This Marae has a quite a history of conflict attached to it. While Maori remain the Kaitiaki (guardians) of this area, DOC has built a large building here as well and there is still quite a sense of rivalry for ownership and occupation. Neihana asked how I liked the blue roof on the whare. Well I didn’t particularly but he told me it represented the tarpaulins on the temporary builds they used during their land claims. It was a reminder to DoC they were quite prepared to use them again! Lively discussion followed and we talked more with Tanea about the intimate connection Maori have with their river (awa). She told us more about times gone by when the traditional waka and steam driven boats plied the river. The more one learned of the old Maori values and traditions you couldn’t help but feel sad that these have been lost to some of their people, and of how much the rest of us could learn from them.
Day three had been special and we toasted it with one of Neil’s Jameson’s to bring it to an end. During the evening discussions I became aware that although there was some sense of closure on the land settlement claims with the crown sadly there were some simmering within maoridom itself over land ownership issues.
Thurs 21 Nov: Our trip today was 21.5 km to Pipiriki and then a further 13 km to Jerusalem. We continued to paddle down the scenic gorge to where the Manganui o te au river enters the Whanganui (it comes down from the slopes of Mount Ruapehu). Now it was time to face the serious stuff – we had a pep talk from Tanea about negotiating the standing waves of the large rapids ahead (Ngaporo and Autapu). We were given the option of portaging these waters but all agreed this was not for us; we had to have a go. In the event they certainly did provide plenty of excitement for our crews – three canoes were swamped by the backwash and overturned as we negotiated the first rapid. A pressure wave hit our starboard bow part filling our waka with water. My continued calls for Glenys to keep paddling fell on deaf ears.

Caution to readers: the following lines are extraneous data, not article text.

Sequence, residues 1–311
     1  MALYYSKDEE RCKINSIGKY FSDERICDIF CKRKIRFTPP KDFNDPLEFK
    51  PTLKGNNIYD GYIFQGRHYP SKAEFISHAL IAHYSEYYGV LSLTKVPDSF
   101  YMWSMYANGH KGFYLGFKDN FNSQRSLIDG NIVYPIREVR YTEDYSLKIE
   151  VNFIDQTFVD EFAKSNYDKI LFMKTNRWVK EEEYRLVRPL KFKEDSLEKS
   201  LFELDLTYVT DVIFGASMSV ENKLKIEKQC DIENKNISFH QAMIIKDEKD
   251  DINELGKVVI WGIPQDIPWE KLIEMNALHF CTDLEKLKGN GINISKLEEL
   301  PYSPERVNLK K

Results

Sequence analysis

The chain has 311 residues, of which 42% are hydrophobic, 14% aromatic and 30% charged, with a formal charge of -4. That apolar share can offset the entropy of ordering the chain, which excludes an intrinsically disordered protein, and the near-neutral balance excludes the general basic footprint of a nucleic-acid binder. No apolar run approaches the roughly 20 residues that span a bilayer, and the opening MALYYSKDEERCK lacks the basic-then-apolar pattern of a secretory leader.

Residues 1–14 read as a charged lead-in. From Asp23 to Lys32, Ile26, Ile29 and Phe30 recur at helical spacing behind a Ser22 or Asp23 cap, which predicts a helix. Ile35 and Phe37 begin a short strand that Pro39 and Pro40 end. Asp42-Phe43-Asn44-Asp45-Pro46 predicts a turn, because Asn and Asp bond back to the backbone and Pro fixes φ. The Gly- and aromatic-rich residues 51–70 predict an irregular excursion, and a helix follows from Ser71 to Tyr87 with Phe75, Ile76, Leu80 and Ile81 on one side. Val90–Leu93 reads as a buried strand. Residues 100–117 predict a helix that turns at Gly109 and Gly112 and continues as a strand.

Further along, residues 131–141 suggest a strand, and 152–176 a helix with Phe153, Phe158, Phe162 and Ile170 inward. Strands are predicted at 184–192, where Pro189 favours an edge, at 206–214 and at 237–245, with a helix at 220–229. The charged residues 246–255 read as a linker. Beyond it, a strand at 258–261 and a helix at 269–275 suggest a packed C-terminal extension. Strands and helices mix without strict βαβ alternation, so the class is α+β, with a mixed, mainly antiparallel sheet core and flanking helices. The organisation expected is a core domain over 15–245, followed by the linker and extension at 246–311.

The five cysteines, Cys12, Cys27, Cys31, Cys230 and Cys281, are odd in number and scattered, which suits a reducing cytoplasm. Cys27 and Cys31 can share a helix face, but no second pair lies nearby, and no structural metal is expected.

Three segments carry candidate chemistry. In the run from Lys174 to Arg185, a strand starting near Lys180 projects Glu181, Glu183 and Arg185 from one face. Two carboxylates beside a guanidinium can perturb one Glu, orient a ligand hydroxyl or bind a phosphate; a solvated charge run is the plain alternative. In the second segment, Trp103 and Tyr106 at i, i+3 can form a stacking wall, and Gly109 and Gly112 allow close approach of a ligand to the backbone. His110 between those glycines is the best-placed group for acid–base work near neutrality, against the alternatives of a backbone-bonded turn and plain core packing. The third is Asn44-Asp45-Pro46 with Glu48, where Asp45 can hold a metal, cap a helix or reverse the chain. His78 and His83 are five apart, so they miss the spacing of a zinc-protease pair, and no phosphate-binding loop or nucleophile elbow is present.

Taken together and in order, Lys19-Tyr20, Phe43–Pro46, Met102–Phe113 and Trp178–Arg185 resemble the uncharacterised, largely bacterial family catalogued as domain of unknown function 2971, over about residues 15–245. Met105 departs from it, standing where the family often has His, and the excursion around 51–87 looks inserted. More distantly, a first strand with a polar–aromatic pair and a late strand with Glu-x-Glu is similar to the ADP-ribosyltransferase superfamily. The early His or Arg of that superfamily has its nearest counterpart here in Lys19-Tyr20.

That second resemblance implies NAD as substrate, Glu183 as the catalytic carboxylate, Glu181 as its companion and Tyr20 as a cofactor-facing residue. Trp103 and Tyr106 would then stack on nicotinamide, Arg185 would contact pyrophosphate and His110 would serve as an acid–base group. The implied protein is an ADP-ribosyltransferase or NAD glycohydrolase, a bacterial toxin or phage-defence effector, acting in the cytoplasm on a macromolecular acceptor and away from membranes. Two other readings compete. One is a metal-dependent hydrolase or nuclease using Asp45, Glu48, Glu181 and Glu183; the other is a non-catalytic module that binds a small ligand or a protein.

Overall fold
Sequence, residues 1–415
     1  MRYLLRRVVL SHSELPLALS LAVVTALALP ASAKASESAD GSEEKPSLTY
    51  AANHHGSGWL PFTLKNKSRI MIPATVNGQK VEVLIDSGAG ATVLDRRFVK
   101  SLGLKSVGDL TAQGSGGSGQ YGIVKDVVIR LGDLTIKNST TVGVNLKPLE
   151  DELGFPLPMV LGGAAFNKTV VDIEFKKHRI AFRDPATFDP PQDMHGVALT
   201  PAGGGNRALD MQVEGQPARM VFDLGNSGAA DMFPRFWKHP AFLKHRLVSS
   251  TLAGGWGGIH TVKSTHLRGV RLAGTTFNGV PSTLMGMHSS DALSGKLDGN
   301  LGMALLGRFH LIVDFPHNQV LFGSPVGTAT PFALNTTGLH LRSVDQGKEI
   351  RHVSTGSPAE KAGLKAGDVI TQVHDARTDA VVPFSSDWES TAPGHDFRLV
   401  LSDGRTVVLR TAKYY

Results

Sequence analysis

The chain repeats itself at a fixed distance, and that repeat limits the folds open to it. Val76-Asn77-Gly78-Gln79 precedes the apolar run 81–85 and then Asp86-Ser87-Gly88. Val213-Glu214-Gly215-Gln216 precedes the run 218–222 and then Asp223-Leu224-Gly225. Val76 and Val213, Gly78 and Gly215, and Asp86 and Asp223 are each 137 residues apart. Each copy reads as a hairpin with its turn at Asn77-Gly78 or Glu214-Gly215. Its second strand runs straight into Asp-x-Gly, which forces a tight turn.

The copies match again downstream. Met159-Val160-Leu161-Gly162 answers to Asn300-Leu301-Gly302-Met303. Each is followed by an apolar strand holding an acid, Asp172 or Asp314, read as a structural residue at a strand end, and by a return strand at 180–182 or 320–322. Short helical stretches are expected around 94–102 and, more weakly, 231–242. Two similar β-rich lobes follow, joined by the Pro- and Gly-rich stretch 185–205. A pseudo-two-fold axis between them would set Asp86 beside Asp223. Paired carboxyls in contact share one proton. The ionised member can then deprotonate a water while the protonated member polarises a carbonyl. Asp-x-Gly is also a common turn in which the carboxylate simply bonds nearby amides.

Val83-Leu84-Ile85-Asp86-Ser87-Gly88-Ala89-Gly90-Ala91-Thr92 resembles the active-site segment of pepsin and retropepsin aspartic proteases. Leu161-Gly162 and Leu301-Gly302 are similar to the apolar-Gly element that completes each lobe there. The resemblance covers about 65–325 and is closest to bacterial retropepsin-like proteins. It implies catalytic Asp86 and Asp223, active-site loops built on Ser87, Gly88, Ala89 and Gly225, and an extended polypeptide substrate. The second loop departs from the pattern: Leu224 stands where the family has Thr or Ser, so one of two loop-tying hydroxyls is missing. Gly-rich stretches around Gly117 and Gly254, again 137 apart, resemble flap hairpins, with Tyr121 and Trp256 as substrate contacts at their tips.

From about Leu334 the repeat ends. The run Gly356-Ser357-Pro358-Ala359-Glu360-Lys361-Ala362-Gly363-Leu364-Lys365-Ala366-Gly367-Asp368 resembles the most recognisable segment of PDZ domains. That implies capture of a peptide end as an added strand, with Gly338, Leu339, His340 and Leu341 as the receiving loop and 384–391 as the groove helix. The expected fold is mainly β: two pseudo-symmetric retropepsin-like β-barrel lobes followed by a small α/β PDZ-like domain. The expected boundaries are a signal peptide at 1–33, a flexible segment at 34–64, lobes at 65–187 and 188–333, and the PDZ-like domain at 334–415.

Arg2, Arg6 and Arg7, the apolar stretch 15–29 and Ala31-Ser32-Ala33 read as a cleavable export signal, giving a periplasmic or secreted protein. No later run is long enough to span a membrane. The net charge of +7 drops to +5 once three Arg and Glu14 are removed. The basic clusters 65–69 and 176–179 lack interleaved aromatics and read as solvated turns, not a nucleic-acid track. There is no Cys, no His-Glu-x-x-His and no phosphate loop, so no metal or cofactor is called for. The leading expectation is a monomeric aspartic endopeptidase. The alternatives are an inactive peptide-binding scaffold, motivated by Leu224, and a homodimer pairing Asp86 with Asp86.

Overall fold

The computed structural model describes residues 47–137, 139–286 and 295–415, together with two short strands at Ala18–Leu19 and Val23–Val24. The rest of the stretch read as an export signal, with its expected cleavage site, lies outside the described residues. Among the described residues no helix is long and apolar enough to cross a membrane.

The mere fact that she had lost one leg over the side of the boat and was hanging on for dare life with both hands was a minor detail. By now we looked like a torpedoed U-Boat with the bow pointing skywards and the skipper going down with the ship with water up to his arm pits. I spotted Peter bobbing past like a duck decoy full of lead shot looking like he would rather be somewhere else. Brian and Lois had also come to grief but there was no sign of her until she decided the big air pocket of the world outside was preferable to the little one under her up turned waka.